Mt Kilimanjaro is Africa's highest mountain (19341ft/ 5895m) and the highest free standing mountain on the planet. It is also one of the Seven Summits. Quite the résumé. It is composed of three distinct volcanic cones: Kibo (19341ft/5895m); Mawenzi (16893ft/5149m); and Shira (13000ft/3962m). Uhuru Peak is the highest summit on Kibo's crater rim and where I would be trying to reach over the next few days with 10 fellow crazy people, some guides & porters via the Machame route (aka the Whiskey route). There are six official trekking routes: Marangu, Rongai, Lemosho, Shira, Umbwe and Machame. Of all the routes, Machame is said to be by far the most scenic albeit steeper route up the mountain and most treks take six or seven days. So as you can see I wasn't doing things by halves just in case climbing this thing to begin with wasn't crazy enough.
My group consisted of a bunch of wonderful yet equally-as-crazy-as-me folk: a family of 3 from Melbourne, Australia. John (we all nicknamed him dad), Dan (a physio) & Mark; James from London who now lives in Switzerland & was my car buddy from the airport; Devin & Ashley, a couple from Alberta, Canada; Katerina, a Russian who lives in Toronto & became my tent-buddy; Spencer, from L.A; Jenny, from the East Coast of the U.S and last but not least Brooke, from Sydney in Australia. Brooke is one very very special lady. Earlier this year she had a kidney transplant after both of hers had failed. She was doing this trek to raise money for Transplant Australia.
The first day of the climb had us starting from the Machame Gate at about 5906ft/1800m. The area just inside the gate is the staging area for everyone preparing, somewhat nervously, for the climb. It was a sea of backpacks, boxes, and duffel bags. All climbers check in at the ranger station signing in with their relevent deets such as name, age, country, passport number, etc. Whilst you're doing that the porters are having their stuff weighed - they are not supposed to carry more than 15kg of your stuff (I never did find out if that weight was just for your stuff and then their stuff had an extra allowance). There was a fair bit of sitting around and you could feel the tension growing. I managed to spot some black & white colobus monkeys however, which naturally was rather cool. After signing in, climbing permits were finally checked and we were off! Let the adventure begin!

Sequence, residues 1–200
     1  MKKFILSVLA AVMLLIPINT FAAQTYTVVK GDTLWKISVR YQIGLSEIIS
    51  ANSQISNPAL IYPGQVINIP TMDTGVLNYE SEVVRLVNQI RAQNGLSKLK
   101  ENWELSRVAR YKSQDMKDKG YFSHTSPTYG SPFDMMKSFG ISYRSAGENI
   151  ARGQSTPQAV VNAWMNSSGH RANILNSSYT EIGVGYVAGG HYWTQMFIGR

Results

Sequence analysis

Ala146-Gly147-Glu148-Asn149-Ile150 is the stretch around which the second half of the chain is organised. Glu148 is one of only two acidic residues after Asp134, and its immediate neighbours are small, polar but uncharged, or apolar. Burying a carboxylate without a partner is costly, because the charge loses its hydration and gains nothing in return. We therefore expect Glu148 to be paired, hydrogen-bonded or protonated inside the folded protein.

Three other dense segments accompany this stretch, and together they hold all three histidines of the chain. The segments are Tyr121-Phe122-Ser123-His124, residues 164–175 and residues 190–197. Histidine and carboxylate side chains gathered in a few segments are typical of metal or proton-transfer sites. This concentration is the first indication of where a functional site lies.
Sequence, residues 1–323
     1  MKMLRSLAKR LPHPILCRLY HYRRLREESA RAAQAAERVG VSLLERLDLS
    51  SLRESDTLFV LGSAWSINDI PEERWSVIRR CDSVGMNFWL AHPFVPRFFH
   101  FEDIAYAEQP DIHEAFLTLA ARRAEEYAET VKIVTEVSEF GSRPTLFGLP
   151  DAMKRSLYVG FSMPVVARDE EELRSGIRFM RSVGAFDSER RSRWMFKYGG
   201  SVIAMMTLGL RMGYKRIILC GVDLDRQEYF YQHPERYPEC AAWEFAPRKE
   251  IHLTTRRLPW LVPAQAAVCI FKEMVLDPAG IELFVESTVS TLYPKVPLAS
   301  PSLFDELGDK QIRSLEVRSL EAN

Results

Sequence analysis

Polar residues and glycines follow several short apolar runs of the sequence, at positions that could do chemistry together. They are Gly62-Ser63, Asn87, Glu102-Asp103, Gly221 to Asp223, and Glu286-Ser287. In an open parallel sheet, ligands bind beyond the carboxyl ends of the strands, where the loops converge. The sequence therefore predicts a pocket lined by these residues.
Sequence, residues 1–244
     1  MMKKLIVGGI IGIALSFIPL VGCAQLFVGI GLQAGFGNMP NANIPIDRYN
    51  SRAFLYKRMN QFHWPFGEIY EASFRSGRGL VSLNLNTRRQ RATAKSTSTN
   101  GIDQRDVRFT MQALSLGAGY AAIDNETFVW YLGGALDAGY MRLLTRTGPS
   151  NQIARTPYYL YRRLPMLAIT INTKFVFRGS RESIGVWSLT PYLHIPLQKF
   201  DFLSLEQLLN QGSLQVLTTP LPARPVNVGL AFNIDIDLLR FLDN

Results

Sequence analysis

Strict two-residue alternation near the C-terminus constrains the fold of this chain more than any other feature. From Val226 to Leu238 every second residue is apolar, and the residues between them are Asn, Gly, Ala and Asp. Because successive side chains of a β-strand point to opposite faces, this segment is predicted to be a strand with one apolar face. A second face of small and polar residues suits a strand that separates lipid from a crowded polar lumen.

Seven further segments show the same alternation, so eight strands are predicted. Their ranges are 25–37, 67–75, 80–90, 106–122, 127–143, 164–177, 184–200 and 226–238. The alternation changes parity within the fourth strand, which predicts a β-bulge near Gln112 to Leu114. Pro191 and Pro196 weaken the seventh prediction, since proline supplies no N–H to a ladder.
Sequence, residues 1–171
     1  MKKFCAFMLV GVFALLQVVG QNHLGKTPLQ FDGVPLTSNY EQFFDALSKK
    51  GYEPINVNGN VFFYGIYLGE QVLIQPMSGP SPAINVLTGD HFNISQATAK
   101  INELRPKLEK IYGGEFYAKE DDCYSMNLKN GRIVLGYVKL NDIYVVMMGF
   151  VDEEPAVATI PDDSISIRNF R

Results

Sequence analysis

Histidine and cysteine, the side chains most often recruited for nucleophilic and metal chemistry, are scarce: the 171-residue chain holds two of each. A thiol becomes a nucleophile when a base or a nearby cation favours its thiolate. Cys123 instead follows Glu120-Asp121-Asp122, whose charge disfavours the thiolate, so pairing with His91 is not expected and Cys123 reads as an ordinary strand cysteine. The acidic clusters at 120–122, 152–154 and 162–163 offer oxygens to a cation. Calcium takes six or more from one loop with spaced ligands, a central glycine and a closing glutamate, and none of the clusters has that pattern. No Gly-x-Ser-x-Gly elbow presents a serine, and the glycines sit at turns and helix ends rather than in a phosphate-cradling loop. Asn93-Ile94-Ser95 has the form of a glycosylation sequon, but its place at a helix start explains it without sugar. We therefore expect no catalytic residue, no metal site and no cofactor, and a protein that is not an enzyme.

Throughout the day we hiked along a pretty well developed and easy to follow trail surrounded by a cloud forest. Whilst it starts out as a gentle slope at a relatively low altitude and it's easy to make good time, the guides continually urged us to go "Pole! Pole!" (Slowly! Slowly!). I would remind myself that Reaching the summit is a marathon, not a sprint, and so I needed to pace myself. And let go of my A-type ness... Just a little.
After about two hours of hiking, the trail changed from a gentle slope to a number of long, and steep, inclines. Remember that leisurely walk you started out on? Well it had now become a challenging cardio workout. The sweat was soon pouring off and you were quickly going through the 2-3L of water that you had been advised to carry in your day pack. The first day's hike took about five to six hours in total, and by the time we had reached Machame Camp, the cloud forest had begun to change in appearance to grasslands and wildflowers. We set up camp that night on the edge of the moorlands and as the sun set billions of stars lit up the sky.
The first day was far more vertical than I had certainly expected. I couldn't quite fathom that I had gained just under 4000ft of altitude throughout the day. I have to admit, Day 1 was harder than what I thought it would be.
Roll on Day 2....